Attorney seeks bond for teen charged in mom’s death

Mike Martindale
The Detroit News

Pontiac – An Oakland County judge ordered attorneys to return to court Friday to continue a hearing on bond and possible community placement for a teenager charged with killing his mother and throwing her body out a third-floor window of their Farmington Hills mansion.

Defendant Muhammad Altantawi sits in the courtroom, handcuffed, in the Farmington Hills 47th District Courtroom of Judge Marla Parker.

Muhammad Altantawi, 16, is being held without bond in Oakland County Children’s Village, charged with the death of his mother, Nada Huranieh, who found lying on the patio of their home Aug. 21.

He walked into Oakland County Circuit Court Wednesday in a blue jail jumpsuit, smiling and trying to raise a handcuffed arm to wave at more than a dozen supporters.

His attorney, David Kramer, told Judge Martha Anderson the teenager has strong ties and support of his mosque and three upstanding members of the community have agreed to open their homes to him pending trial.

Kramer, seeking to have the teen freed on bond, noted that the 12th grader has no criminal history and said he faces irreparable harm because he is receiving a “9th grade education” at Children’s Village.

The defendant's father, Basel Altantawi, center, listens to testimony. The preliminary exam continues for Muhammad Altantawi, 16, who is charged with the second-degree murder of his mother, Nada Huranieh, a physical fitness trainer. Farmington Hills 47th District Courtroom of Judge Marla Parker hears the case, Friday morning, December 8, 2017.

“He’s 16 … he has the presumption of innocence and deserves bond,” Kramer said.

Assistant Oakland County prosecutor John Skrzynski objected to granting the teen bond, countering that evidence indicates Altantawi “caused irreparable harm to others.” He referenced the theory – supported by an autopsy – that Huranieh, a 35-year-old fitness trainer, “was already dead when she went out the window.”

“It would be a terrible mistake to allow someone with this kind of charge into the community,” Skrzynski told Anderson. “ (Potential custodians) are not cognizant of what could happen. I don’t doubt they are wonderful people and well-meaning but untrained to monitor a person like this.”

Nada Huranieh, 35, who was murdered on Aug. 21 at her home in Farmington Hills.

Anderson said she wanted to talk to potential custodians Friday before deciding the matter.

Huranieh and the teen’s father, Bassel Altantawi, were divorcing and their separation had caused some issues in the family.

According to court records, Muhammad Altantawi had run away from home on several occasions to meet with his father, who had expressed concerns his estranged wife was “Americanizing” their children, in contrast to their conservative Muslim and Syrian roots. The couple wed in Syria in 1999.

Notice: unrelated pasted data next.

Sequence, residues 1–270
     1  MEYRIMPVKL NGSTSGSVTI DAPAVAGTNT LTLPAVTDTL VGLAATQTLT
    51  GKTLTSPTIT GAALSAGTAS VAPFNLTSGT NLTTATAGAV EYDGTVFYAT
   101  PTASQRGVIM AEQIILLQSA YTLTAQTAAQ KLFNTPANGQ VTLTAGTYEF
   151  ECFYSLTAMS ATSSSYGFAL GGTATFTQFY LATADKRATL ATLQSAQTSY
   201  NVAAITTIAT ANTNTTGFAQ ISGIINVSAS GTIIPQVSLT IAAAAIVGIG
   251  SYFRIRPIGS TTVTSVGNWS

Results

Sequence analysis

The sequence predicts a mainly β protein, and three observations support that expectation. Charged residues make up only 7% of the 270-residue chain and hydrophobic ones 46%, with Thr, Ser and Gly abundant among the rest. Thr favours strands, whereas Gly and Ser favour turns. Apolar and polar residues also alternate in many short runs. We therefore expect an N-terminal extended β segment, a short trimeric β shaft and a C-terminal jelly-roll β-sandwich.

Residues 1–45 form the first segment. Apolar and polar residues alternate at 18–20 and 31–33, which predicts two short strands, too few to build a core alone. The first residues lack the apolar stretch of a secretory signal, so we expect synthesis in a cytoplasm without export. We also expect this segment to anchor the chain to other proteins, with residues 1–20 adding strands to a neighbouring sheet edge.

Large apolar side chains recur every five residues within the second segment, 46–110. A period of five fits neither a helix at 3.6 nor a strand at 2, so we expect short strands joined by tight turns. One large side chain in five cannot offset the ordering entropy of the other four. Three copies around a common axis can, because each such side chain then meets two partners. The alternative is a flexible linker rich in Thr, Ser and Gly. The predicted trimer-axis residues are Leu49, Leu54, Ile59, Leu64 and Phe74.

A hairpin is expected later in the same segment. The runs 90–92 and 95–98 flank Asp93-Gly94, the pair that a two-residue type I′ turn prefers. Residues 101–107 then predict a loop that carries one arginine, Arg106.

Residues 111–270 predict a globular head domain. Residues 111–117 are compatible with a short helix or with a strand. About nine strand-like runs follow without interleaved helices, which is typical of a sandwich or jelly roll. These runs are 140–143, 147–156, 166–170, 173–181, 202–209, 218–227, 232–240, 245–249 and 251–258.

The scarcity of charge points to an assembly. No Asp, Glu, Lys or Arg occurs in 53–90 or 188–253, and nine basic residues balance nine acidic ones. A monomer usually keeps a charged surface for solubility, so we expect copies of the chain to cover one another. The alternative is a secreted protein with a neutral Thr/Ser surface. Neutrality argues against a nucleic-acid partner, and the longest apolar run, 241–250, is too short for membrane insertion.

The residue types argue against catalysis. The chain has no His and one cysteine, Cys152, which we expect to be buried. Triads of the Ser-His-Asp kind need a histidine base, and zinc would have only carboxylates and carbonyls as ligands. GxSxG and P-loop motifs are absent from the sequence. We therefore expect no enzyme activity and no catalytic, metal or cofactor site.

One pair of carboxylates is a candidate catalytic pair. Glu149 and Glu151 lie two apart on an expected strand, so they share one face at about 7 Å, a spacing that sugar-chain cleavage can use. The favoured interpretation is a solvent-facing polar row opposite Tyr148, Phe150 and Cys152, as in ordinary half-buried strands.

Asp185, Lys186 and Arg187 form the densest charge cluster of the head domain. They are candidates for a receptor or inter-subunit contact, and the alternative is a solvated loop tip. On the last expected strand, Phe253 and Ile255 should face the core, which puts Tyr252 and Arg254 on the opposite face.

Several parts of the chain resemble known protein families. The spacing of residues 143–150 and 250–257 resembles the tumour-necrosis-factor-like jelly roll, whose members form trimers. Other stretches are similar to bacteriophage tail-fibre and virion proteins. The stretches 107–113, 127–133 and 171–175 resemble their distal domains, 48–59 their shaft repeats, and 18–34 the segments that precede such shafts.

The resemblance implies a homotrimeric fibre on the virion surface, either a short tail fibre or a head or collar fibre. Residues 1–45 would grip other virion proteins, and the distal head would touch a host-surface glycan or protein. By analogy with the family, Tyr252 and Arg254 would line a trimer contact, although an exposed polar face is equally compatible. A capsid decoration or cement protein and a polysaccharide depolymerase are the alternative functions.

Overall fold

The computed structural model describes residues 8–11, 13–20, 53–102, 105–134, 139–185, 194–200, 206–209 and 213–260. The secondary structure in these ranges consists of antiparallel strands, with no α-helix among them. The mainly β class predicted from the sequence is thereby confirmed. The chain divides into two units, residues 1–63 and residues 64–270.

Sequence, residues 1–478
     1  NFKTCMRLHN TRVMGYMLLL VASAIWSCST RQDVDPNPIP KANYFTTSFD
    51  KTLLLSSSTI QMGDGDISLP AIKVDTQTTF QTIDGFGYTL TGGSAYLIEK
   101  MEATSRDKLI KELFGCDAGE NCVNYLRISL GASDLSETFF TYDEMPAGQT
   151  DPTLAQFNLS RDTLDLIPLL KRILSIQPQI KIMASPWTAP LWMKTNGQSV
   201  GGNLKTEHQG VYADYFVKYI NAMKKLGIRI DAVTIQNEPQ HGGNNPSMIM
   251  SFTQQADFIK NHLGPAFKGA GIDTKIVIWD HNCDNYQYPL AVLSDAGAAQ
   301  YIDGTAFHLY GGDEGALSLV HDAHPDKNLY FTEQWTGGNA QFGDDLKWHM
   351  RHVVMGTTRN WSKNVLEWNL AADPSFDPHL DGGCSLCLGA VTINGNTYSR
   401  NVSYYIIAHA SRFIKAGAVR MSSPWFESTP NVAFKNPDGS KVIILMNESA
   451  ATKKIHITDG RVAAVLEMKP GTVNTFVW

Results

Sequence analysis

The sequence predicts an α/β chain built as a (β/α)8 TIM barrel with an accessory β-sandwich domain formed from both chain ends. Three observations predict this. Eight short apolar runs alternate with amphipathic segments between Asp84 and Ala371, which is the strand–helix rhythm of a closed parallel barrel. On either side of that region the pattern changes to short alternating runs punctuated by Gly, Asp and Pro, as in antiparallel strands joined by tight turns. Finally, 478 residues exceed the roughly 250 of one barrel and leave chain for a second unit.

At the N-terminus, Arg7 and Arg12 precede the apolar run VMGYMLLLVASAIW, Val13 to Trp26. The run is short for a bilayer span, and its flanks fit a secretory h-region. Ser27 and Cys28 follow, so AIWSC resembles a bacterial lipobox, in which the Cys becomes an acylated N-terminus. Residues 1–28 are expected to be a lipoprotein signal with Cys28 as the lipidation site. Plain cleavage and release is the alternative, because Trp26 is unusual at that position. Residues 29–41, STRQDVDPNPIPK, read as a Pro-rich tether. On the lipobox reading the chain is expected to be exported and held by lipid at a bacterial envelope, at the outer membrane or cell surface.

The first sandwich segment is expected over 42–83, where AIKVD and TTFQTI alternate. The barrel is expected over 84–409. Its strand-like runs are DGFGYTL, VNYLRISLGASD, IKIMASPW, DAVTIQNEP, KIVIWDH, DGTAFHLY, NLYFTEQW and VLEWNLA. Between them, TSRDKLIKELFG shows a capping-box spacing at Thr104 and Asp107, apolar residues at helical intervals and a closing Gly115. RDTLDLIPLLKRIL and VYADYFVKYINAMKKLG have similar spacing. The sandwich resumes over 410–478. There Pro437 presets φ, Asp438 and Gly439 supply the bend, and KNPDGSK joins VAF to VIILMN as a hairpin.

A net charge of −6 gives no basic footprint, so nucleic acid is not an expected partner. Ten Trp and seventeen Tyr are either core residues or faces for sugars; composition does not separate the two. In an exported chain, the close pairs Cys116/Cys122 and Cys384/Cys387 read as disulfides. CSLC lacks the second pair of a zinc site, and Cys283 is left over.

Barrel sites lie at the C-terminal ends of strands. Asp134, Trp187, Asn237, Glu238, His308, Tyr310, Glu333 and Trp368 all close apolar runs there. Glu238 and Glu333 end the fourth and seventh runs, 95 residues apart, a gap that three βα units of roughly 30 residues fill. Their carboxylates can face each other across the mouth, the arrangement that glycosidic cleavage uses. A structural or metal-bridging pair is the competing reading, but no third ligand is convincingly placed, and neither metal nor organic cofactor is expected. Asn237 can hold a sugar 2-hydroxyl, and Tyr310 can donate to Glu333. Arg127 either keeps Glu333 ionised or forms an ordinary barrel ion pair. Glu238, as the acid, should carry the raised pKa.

Skrzynski cited an assistant medical examiner’s finding that Huranieh’s injuries – no blood on the pavement or brain damage from the fall – reflect she had been suffocated and then thrown out a window. A ladder and tile cleaning solution left on the window were attempts to make it appear Huranieh was cleaning the window when she accidentally fell to her death, he said.

Altantawi initially told a detective he had not been in the room and didn’t know anything about the fall until he awoke to the screams of his 14-year-old sister, who had found their mother on the patio.

Skrzynski noted that, after learning a home security camera had captured images at an upstairs window, the teenager changed his statements to say that he had gotten out of bed to get a drink of water when his mother asked him to get her a spray bottle of cleaning solution; and later, that he was holding a ladder for her when she fell off it.

Altantawi explained to an investigator that he didn’t know what to do when he saw her fall and in disbelief, showered and went back to bed.

Skrzynski told Anderson that there were no signs of forced entry to the home and the only ones staying there were Muhammad Altantawi; his 12 and 14-year-old sisters; and their mother. The youngest sister was described as developmentally disabled.

The older sister called 911 upon finding the body and when she went to the door to meet first responders, Muhammad Altantawi was speaking with a dispatcher, holding a cellphone with one hand and making “half-hearted” attempts at CPR with his other hand until paramedics arrived, Farmington Hills police detective Richard Wehby testified at a previous hearing.

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